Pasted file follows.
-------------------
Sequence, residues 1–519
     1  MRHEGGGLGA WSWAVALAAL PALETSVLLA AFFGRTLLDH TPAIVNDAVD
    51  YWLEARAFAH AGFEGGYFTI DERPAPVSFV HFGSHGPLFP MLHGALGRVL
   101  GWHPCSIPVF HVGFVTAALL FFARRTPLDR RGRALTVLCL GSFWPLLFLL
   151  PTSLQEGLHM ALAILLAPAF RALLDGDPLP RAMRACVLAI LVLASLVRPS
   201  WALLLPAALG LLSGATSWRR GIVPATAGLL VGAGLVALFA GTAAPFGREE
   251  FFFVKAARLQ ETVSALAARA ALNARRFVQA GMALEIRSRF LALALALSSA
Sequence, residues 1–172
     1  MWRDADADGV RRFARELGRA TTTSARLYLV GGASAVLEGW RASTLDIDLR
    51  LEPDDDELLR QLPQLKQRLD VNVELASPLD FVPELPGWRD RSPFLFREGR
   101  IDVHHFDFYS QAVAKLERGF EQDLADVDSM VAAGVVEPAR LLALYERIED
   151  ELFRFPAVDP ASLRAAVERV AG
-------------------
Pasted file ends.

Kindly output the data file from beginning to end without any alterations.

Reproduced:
Sequence, residues 1–519
     1  MRHEGGGLGA WSWAVALAAL PALETSVLLA AFFGRTLLDH TPAIVNDAVD
    51  YWLEARAFAH AGFEGGYFTI DERPAPVSFV HFGSHGPLFP MLHGALGRVL
   101  GWHPCSIPVF HVGFVTAALL FFARRTPLDR RGRALTVLCL GSFWPLLFLL
   151  PTSLQEGLHM ALAILLAPAF RALLDGDPLP RAMRACVLAI LVLASLVRPS
   201  WALLLPAALG LLSGATSWRR GIVPATAGLL VGAGLVALFA GTAAPFGREE
   251  FFFVKAARLQ ETVSALAARA ALNARRFVQA GMALEIRSRF LALALALSSA
Sequence, residues 1–172
     1  MWRDADADGV RRFARELGRA TTTSARLYLV GGASAVLEGW RASTLDIDLR
    51  LEPDDDELLR QLPQLKQRLD VNVELASPLD FVPELPGWRD RSPFLFREGR
   101  IDVHHFDFYS QAVAKLERGF EQDLADVDSM VAAGVVEPAR LLALYERIED
   151  ELFRFPAVDP ASLRAAVERV AG